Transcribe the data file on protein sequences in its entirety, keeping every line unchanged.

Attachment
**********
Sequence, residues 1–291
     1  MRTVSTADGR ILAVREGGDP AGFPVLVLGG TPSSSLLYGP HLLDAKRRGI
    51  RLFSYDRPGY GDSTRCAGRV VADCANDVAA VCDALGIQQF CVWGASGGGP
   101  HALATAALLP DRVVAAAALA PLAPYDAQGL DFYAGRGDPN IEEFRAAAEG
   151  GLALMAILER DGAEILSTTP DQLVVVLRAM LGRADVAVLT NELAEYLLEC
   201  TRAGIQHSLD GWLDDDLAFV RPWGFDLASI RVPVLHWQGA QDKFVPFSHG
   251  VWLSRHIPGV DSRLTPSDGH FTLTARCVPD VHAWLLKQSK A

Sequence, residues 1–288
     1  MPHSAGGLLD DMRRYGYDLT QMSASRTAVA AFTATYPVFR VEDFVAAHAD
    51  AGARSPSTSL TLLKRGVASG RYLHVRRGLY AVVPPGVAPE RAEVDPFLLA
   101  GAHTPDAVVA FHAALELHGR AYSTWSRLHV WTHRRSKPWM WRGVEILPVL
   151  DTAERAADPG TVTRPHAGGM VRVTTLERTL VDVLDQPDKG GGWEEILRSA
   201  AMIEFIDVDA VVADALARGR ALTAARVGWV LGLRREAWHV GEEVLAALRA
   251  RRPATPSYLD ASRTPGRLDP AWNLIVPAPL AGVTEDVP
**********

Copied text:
Sequence, residues 1–291
     1  MRTVSTADGR ILAVREGGDP AGFPVLVLGG TPSSSLLYGP HLLDAKRRGI
    51  RLFSYDRPGY GDSTRCAGRV VADCANDVAA VCDALGIQQF CVWGASGGGP
   101  HALATAALLP DRVVAAAALA PLAPYDAQGL DFYAGRGDPN IEEFRAAAEG
   151  GLALMAILER DGAEILSTTP DQLVVVLRAM LGRADVAVLT NELAEYLLEC
   201  TRAGIQHSLD GWLDDDLAFV RPWGFDLASI RVPVLHWQGA QDKFVPFSHG
   251  VWLSRHIPGV DSRLTPSDGH FTLTARCVPD VHAWLLKQSK A

Sequence, residues 1–288
     1  MPHSAGGLLD DMRRYGYDLT QMSASRTAVA AFTATYPVFR VEDFVAAHAD
    51  AGARSPSTSL TLLKRGVASG RYLHVRRGLY AVVPPGVAPE RAEVDPFLLA
   101  GAHTPDAVVA FHAALELHGR AYSTWSRLHV WTHRRSKPWM WRGVEILPVL
   151  DTAERAADPG TVTRPHAGGM VRVTTLERTL VDVLDQPDKG GGWEEILRSA
   201  AMIEFIDVDA VVADALARGR ALTAARVGWV LGLRREAWHV GEEVLAALRA
   251  RRPATPSYLD ASRTPGRLDP AWNLIVPAPL AGVTEDVP